Games do not run well on the W540 and the problem is not due to a lack of power. Rather, it is because game developers often do not account for workstation-grade graphics cards, such as the Quadro line, when developing their titles. It's not a big knock against the ThinkPad, as all workstation machines weren't made with gaming in mind. However, you'll still be able to run Hearthstone to sneak in a quick game during your lunch break.

3K resolution for a nearly $3K bill

Lenovo ThinkPad W540 review

The best thing about the W540 is its gorgeous 3K screen. At 2800 x 1620 the pixels on this 15.6-inch screen are virtually invisible. What's more, they're all tuned to produce perfect and accurate colors, which can be adjusted even more finely with the optional Integrated Color Calibrator.

Post calibration, the on-screen colors became even more vibrant and true to life. The display was so good, I bumped my usual MacBook Pro 13 with Retina display to the side and edited all of my images on the W540 for this very review.

Aside from images, the high-resolution makes text look crisp without turning the font into thin, unreadable lines of scribble. The pixel-rich display also makes just about any video look good. You can finally appreciate the quad-HD quality of the few snippets of 4K video on YouTube.

Power hog

Lenovo ThinkPad W540 review

Unfortunately, the high-resolution screen also eats into battery life. During our PCMark 8 battery test the ThinkPad W540 only lasted three hours and seven minutes. With normal use you can expect to squeeze out four hours and nine minutes split between more than a dozen tabs of web browsing, some image editing in Lightroom and streaming 4K video on YouTube. Even after activating the power saver profile on the W540 I got at best five hours and 17 minutes with modest use.

All the tools and no applications

Despite being a workstation machine designed for productivity and office work, there are hardly any business applications built in or bundled into the laptop's high price. Don't expect to immediately work on spreadsheets, word documents or images. Instead the IT department will have to pre-install the applications.

This is where Apple has recently trumped Microsoft by including its iWork and iLife suites with every Mac and iOS device. Add in the free release of OS X Mavericks (and soon, Yosemite), and Apple has made a very tantalizing platform for employees to jump onto that lets them keep all of their systems updated for free. Most companies will have an IT department with access to its own set of licenses of enterprise software. But for smaller businesses with employees numbering in the teens, going Mac is a much better and more affordable choice.

Lenovo ThinkPad W540 review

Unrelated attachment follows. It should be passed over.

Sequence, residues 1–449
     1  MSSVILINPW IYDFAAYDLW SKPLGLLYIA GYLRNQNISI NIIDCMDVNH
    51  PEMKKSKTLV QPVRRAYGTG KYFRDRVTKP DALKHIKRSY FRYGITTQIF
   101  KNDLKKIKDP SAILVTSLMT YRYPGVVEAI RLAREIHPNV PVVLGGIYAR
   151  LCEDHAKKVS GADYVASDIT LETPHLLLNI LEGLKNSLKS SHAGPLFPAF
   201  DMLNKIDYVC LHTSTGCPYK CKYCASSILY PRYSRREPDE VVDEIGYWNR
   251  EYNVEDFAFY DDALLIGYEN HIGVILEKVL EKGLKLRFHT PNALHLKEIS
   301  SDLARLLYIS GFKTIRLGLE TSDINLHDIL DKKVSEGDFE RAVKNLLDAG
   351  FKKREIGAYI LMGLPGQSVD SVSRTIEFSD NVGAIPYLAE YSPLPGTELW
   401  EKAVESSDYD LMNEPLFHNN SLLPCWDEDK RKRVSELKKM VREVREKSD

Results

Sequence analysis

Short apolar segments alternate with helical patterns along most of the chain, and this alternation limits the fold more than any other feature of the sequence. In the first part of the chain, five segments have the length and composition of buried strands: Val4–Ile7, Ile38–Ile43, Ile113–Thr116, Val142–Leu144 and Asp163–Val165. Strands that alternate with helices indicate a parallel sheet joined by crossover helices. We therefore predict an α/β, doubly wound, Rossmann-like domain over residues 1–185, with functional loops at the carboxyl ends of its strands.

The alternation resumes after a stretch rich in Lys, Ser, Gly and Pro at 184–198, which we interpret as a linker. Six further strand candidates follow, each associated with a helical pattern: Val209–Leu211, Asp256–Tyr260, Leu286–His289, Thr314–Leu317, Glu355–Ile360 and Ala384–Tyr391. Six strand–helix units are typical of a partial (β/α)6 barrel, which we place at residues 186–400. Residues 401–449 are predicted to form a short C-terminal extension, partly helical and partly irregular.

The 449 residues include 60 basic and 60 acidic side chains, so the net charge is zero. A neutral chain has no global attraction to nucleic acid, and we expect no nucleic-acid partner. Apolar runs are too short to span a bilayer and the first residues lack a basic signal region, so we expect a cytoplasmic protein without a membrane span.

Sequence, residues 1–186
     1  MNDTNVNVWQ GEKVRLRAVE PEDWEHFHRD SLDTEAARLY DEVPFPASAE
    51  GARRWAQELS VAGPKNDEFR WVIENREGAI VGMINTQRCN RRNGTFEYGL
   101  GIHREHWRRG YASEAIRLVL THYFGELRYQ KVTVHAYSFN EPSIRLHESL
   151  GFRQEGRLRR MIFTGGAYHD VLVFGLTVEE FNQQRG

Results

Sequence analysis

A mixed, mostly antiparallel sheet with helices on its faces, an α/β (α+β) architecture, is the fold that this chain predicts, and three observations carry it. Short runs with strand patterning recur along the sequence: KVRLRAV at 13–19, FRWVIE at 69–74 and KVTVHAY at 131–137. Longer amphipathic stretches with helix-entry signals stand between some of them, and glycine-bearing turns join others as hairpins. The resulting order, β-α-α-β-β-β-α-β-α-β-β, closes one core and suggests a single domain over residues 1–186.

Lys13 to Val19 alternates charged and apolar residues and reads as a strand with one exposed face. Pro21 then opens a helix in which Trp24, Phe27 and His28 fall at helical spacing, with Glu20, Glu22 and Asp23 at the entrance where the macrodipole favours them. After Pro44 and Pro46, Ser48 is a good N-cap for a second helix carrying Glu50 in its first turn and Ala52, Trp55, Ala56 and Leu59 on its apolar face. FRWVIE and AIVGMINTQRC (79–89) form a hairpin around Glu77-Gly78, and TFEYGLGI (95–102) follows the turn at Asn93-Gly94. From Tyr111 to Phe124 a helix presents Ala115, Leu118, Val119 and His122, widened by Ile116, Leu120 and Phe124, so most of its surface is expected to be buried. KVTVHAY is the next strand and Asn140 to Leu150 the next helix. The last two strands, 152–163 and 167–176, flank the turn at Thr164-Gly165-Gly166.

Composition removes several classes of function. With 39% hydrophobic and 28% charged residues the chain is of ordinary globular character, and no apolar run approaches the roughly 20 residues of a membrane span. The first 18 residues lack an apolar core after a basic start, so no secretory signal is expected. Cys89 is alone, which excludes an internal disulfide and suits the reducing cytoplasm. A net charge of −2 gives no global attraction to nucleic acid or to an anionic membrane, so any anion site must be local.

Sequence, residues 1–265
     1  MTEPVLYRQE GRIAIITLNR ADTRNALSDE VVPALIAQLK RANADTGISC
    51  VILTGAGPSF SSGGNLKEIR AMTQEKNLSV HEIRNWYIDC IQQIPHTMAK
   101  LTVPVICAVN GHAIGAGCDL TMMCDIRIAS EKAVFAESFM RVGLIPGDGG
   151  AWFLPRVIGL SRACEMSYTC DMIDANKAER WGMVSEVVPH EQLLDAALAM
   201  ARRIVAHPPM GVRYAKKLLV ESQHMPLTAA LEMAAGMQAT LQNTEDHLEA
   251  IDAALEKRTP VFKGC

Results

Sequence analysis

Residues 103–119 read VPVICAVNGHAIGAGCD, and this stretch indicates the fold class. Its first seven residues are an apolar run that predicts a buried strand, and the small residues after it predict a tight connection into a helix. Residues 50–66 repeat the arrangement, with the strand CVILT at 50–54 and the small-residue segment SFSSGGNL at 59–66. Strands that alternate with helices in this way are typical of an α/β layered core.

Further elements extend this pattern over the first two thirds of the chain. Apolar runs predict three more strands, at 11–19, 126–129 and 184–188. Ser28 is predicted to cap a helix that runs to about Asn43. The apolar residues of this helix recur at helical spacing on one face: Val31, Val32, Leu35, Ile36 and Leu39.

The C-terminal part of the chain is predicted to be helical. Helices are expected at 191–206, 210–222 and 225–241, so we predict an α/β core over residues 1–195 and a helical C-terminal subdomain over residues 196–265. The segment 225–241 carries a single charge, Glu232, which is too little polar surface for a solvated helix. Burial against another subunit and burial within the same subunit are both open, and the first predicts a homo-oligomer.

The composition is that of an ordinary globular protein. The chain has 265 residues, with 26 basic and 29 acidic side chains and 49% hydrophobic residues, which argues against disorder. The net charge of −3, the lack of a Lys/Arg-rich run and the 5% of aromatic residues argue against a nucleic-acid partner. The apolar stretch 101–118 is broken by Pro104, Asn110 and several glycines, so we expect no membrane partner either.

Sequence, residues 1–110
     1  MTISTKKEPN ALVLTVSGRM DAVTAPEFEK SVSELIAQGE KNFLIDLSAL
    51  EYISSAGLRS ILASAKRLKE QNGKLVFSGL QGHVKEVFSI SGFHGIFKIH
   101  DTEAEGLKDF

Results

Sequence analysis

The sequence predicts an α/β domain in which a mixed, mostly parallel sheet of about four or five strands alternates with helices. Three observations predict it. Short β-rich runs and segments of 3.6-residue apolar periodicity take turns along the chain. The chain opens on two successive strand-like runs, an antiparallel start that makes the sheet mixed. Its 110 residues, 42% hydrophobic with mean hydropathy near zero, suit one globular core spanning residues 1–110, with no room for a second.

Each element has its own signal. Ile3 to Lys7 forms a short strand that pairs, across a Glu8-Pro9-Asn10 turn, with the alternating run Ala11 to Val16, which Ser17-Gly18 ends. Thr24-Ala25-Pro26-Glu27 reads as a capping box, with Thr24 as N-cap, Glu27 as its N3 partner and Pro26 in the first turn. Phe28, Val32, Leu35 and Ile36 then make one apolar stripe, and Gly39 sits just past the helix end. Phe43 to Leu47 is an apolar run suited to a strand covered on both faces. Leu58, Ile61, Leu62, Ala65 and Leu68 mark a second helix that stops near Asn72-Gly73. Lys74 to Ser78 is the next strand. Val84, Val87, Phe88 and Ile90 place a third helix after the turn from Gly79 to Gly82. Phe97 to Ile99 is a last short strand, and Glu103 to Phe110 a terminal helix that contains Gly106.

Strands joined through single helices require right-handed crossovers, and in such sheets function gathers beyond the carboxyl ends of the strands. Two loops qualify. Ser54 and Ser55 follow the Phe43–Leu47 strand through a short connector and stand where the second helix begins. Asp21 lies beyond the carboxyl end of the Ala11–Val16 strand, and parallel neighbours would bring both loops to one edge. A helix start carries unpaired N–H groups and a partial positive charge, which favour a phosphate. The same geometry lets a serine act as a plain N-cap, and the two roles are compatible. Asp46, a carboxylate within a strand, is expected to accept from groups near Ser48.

As for the W540, all that's been preloaded on the system is the company's usual suite of business communication tools. Here are the most important pre-loaded tools:

Bundled software

  • Password Vault - In case you aren't already using OnePass or LastPass, here's a built-in password manager to help you manage long and complicated authentication codes.
  • Quick Display - To avoid embarrassing projector fumbles during your big presentation, Lenovo has included a quick connect tool for pairing the laptop to wireless displays or projectors.
  • PC Experience - Less of an application and more of a control panel shortcut, this "program" consolidates all of the W540's Lenovo-specific settings into one panel.
  • Airbag Protection - Customize how and when the W540's shock protection system cuts in.
  • Messages from Lenovo - Another notification tool to prompt important Lenovo-centric updates, such as impending cloud storage limits or password vault notifications.
  • Rescue and Recovery - Back up your data to optical media, external USB storage device, or partition a portion of the W540's internal storage.
  • Lenovo System Update - The simplest way to download new drivers and update the ThinkPad W540.
  • Pantone Color Calibrator - Not to be confused with the hair shampoo maker, using the X-Rite Pantone Integrated Color Calibrator is a simple matter of starting this piece of included software, picking the media type you're making, and then closing the laptop to let the sensor do its work.
Kevin Lee

Kevin Lee was a former computing reporter at TechRadar. Kevin is now the SEO Updates Editor at IGN based in New York. He handles all of the best of tech buying guides while also dipping his hand in the entertainment and games evergreen content. Kevin has over eight years of experience in the tech and games publications with previous bylines at Polygon, PC World, and more. Outside of work, Kevin is major movie buff of cult and bad films. He also regularly plays flight & space sim and racing games. IRL he's a fan of archery, axe throwing, and board games.